Hi there, time for another of our on-going series of tools related posts. Today, the GNU Image Manipulation Program, or GIMP. And, yes, it is a daft name, even when you know that GNU, in this context, is an operating system rather than a large African ungulate.
The GIMP people describe it as “…a freely distributed piece of software for such tasks as photo retouching, image composition and image authoring. It works on many operating systems, in many languages”.
I’ve previously talked about another image handling program, Inkscape; so why do I need both? Well, GIMP is what’s know as a ‘raster’ graphics programs, which differs from Inkscape’s ‘vector’ handling. In other words, GIMP works with pixels whereas Inkscape works with shapes.
Like Inkscape, GIMP is open source software; free software created by volunteers. Maybe unfairly, open source software is often described in terms of the propriety software with which it competes. So, Inkscape is the open source Illustrator, LibreOffice is the open source MS Office, and GIMP is the open source Adobe Photoshop competitor.
As noted above, GIMP is free, so it certainly beats Photoshop in the price department – Photoshop normally costs circa £650 (around $1000).
But how about on features? Well, I’ve used both, and GIMP competes pretty well. There are some notable exceptions: partial CMYK/LAB colour support, for example (Wikipedia has a comparison chart for most graphics software). But unless you know what those terms mean, well, you probably won’t miss them. Professionals graphics people probably want Photoshop, but GIMP is more than enough for the the rest of us.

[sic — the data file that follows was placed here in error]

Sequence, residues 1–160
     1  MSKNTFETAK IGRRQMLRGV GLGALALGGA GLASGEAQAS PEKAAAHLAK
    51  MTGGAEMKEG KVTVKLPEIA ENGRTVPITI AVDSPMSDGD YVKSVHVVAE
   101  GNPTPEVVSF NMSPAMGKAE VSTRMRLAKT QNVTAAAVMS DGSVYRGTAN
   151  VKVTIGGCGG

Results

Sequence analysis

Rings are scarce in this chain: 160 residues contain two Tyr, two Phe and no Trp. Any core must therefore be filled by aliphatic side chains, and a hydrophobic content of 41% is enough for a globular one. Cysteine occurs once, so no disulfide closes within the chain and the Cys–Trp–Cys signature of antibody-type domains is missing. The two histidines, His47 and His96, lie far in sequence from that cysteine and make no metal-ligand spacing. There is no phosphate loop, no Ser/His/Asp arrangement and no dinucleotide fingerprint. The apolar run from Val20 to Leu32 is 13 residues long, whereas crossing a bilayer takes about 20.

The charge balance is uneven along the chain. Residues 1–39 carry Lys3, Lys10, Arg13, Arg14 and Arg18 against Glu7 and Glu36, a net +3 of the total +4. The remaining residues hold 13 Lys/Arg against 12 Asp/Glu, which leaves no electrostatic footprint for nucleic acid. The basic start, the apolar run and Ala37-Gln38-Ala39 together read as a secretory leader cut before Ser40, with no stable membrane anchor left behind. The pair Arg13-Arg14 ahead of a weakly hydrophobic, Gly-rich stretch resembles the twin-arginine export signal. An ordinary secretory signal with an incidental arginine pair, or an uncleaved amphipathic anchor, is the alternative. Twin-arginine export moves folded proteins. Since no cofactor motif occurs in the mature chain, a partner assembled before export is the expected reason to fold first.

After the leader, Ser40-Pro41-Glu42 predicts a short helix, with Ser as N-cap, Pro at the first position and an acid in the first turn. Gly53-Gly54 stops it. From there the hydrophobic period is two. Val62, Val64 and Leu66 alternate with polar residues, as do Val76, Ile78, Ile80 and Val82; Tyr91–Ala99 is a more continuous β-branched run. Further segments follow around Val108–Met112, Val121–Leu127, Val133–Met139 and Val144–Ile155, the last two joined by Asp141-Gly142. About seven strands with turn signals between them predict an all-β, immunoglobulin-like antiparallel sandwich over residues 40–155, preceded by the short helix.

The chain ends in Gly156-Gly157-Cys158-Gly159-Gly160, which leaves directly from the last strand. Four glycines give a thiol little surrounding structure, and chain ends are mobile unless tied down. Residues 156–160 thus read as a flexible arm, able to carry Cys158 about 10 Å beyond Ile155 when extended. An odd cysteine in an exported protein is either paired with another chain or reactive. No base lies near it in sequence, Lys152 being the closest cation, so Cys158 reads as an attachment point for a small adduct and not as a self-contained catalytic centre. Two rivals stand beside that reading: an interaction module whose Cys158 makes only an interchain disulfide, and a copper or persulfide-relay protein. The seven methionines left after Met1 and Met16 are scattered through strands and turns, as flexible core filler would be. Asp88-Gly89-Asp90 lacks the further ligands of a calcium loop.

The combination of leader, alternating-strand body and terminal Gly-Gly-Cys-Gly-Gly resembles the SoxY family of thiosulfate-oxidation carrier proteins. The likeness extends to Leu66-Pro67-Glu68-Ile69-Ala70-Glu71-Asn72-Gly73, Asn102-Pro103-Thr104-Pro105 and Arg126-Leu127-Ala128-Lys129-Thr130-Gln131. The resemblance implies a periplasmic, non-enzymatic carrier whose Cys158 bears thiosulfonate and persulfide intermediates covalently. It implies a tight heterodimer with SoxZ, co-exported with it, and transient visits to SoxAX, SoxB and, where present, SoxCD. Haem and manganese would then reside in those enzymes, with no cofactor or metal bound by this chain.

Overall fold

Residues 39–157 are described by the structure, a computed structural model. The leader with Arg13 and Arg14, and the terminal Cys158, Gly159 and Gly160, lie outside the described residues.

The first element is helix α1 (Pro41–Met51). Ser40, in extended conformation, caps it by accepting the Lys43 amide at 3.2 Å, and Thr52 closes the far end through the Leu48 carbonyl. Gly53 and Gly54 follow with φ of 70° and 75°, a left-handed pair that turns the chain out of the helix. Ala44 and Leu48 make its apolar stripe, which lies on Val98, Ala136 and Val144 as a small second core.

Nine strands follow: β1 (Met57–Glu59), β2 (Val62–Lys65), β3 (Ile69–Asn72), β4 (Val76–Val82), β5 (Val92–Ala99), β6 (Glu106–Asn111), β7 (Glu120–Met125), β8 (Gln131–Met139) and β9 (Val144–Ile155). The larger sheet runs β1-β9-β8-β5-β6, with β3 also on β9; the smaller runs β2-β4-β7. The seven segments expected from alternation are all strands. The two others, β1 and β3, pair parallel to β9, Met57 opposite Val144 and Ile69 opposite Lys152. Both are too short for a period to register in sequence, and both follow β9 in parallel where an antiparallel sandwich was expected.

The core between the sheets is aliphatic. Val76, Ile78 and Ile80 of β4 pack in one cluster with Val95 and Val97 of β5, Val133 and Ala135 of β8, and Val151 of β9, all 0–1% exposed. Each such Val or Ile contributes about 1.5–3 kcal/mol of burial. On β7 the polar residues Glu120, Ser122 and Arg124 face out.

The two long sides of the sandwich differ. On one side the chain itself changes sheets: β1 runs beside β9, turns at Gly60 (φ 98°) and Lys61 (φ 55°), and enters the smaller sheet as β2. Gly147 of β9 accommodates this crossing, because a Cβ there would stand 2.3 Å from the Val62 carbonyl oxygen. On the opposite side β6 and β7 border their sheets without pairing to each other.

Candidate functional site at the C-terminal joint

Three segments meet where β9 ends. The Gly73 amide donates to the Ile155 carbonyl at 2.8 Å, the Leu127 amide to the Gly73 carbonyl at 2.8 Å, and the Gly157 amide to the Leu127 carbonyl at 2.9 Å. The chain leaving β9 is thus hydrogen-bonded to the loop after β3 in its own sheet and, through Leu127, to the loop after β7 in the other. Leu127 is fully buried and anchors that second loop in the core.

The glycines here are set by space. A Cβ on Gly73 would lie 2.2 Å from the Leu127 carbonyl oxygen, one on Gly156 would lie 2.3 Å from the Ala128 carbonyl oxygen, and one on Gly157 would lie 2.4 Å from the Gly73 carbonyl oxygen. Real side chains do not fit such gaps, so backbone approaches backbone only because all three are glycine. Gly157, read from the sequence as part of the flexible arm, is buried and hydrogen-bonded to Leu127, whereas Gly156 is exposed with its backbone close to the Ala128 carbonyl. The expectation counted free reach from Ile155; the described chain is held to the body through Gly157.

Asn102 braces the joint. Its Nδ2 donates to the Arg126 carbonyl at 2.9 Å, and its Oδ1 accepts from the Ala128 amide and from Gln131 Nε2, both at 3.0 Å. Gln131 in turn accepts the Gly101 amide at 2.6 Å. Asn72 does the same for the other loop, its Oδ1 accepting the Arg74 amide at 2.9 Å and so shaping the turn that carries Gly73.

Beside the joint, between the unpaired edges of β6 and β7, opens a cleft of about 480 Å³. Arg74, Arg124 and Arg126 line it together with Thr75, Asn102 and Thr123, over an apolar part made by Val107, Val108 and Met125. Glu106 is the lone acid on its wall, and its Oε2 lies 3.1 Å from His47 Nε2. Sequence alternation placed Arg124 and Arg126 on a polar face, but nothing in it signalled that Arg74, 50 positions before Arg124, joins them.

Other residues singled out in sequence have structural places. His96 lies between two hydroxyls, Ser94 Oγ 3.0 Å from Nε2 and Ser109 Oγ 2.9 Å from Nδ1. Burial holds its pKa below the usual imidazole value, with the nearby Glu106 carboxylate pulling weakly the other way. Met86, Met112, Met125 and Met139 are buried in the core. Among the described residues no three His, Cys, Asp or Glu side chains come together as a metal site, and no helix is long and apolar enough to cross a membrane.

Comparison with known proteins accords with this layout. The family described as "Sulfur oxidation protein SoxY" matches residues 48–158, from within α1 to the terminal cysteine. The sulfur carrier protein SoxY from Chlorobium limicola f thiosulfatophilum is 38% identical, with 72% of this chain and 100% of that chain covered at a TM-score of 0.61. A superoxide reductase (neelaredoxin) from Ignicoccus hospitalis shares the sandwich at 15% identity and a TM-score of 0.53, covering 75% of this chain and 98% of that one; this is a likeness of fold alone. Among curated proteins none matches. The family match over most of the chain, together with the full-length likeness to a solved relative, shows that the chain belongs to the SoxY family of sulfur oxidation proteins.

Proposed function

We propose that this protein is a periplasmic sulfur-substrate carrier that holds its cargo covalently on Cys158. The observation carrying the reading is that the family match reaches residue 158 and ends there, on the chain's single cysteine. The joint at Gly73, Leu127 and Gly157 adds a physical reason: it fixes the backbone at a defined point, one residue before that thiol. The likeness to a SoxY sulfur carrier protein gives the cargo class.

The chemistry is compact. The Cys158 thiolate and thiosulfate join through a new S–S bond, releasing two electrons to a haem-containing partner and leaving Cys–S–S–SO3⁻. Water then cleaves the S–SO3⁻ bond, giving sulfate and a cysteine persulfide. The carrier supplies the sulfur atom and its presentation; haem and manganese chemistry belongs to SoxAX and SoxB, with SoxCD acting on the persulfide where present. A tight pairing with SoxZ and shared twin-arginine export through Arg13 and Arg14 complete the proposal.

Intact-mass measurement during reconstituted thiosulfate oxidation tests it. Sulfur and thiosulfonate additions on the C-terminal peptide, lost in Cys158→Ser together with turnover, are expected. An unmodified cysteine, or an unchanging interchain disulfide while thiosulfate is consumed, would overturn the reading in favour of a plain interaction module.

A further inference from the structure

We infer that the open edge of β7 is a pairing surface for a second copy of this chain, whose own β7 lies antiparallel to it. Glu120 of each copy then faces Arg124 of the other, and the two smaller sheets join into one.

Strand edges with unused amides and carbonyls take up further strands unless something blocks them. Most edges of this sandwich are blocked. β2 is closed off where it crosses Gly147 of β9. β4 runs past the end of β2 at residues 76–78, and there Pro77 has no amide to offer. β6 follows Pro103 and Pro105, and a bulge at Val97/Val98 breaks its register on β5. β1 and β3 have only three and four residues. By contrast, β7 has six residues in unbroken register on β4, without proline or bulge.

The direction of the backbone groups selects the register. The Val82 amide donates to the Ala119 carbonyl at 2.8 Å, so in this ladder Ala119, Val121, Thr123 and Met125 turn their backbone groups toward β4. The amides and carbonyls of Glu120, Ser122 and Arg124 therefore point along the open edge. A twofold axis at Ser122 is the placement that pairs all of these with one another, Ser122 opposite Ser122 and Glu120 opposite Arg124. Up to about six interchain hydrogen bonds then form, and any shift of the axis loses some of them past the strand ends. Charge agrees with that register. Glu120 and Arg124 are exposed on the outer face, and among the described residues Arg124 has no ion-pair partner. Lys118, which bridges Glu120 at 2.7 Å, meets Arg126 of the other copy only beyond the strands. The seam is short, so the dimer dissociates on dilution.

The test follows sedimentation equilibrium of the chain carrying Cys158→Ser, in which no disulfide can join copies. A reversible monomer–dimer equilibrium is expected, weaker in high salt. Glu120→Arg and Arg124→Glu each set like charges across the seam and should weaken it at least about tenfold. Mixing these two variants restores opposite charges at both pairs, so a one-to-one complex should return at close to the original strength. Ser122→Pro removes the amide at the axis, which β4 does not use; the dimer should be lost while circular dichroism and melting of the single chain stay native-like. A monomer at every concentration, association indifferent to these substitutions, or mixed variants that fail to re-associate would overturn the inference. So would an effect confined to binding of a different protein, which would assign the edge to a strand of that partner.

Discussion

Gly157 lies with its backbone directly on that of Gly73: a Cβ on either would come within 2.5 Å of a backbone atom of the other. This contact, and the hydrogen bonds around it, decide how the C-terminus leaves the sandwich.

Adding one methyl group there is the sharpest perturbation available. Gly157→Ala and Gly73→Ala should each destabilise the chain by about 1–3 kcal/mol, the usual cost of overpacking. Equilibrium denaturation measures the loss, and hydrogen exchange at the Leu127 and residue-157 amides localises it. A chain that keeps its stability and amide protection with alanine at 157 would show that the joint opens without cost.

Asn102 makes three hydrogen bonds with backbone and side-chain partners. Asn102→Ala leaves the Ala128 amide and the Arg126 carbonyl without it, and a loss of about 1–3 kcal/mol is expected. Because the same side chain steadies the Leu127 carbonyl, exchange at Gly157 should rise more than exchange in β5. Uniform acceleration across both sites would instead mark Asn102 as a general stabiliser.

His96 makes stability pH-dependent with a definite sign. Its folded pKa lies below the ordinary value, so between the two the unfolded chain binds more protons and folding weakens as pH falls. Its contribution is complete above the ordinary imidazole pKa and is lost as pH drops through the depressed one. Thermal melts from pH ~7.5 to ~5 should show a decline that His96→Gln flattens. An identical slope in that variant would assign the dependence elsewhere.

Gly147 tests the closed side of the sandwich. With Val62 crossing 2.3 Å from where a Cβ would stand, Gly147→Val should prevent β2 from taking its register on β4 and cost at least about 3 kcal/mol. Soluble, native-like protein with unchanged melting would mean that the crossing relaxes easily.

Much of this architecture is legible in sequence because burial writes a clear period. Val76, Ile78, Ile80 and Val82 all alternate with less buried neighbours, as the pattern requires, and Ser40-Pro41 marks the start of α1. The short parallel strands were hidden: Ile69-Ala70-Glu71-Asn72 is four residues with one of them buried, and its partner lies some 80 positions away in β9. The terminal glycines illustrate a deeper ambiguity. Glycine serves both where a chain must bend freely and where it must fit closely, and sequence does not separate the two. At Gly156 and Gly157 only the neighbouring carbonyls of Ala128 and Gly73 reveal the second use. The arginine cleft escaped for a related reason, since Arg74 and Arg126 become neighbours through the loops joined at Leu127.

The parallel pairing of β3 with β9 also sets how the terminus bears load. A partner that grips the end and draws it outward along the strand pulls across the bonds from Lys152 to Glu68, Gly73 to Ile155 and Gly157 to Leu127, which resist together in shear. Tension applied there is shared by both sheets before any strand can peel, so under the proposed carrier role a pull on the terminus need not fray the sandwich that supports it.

Where GIMP really looses out to Photoshop is in the User Interface (UI). Rather than looking like a normal program, GIMP spawns a bunch of individual tools and baffling dialogs, meaning that many of the most useful features need to be hunted for. This results in a steep learning curve which is often remarked upon by people who are new to it – although there is plenty of documentation on the web to help you out.
Of course, GIMP is still in development and new features are being released all the time; the upcoming version 2.8 is supposed to fix some of the UI issues. Added to that an extensive catalogue of plugins to add and extend the functionality and you have a really useful graphics program.
And, again, it’s free. So why not have a play with the GIMP?
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